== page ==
Making Rails Better – Fixing Architecture Flaws in Active Record

ActiveRecord is a funny thing. On the outside it looks great – it neatly maps relational data to Ruby objects and provides an easy to use API via its domain specific language. But on the inside, it contains two suprising architecture flaws that make it difficult to extend and negatively impact performance.

The Vietnam of Computer Science

Mapping object to relational data turns out to be quite tricky. There are so many failed object-relational mapping systems that the whole field has been called the Vietnam of Computer Science. The problem is that objects and tables don’t map cleanly to each other, and the more you try to automate the process the more complex your code becomes, and sooner or later your system becomes too hard and too slow to use.

The approach that I think works best, and ActiveRecord follows, is too keep things relatively simple. An record in a table is mapped to an object, and any related tables are mapped to associations that contain one or more object (depending if the relation is one to one or one to many). And that’s it, anything past that risks descending into the morass of failed object-relational mappings.

ActiveRecord gets bonus points because it makes it easy to define such mappings via its Domain Specific Language (DSL) – the familiar methods :has_one, :has_many, etc.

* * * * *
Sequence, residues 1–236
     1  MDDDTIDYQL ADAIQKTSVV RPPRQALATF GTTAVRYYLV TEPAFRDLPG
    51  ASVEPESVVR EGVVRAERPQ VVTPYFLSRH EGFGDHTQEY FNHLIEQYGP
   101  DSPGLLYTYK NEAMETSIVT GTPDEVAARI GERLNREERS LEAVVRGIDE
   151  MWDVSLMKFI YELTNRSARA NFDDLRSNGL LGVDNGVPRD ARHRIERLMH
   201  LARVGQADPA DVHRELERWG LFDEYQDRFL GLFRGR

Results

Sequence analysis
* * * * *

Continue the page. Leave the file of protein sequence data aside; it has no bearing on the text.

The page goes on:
Botching Columns

But underneath its exterior, ActiveRecord has a couple of architecture flaws in the way that it handles columns (attributes).

The first issue is that ActiveRecord botches its implementation of columns. Reading and writing data from a database requires converting the data from its textual representation (provided by the database’s client APIs) to and from Ruby objects. Let’s look at how Rails does it for Postgresql:

A quick glance at some code shows the problem:

def translate_field_type(field_type)
  case field_type
    when /\[\]$/i  then 'string'
    when /^timestamp/i    then 'datetime'
    when /^real|^money/i  then 'float'
    when /^interval/i     then 'string'
    when /^(?:point|lseg|box|"?path"?|polygon|circle)/i  then 'string'
    when /^bytea/i        then 'binary'
    else field_type       # Pass through standard types.
  end
end

def default_value(value)
  # Boolean types
  return "t" if value =~ /true/i
  return "f" if value =~ /false/i

  # Char/String/Bytea type values
  return $1 if value =~ /^'(.*)'::(bpchar|text|character varying|bytea)$/

  # Numeric values
  return value if value =~ /^-?[0-9]+(\.[0-9]*)?/

  # Fixed dates / times
  return $1 if value =~ /^'(.+)'::(date|timestamp)/

  # Anything else is blank, some user type, or some function
  # and we can't know the value of that, so return nil.
  return nil
end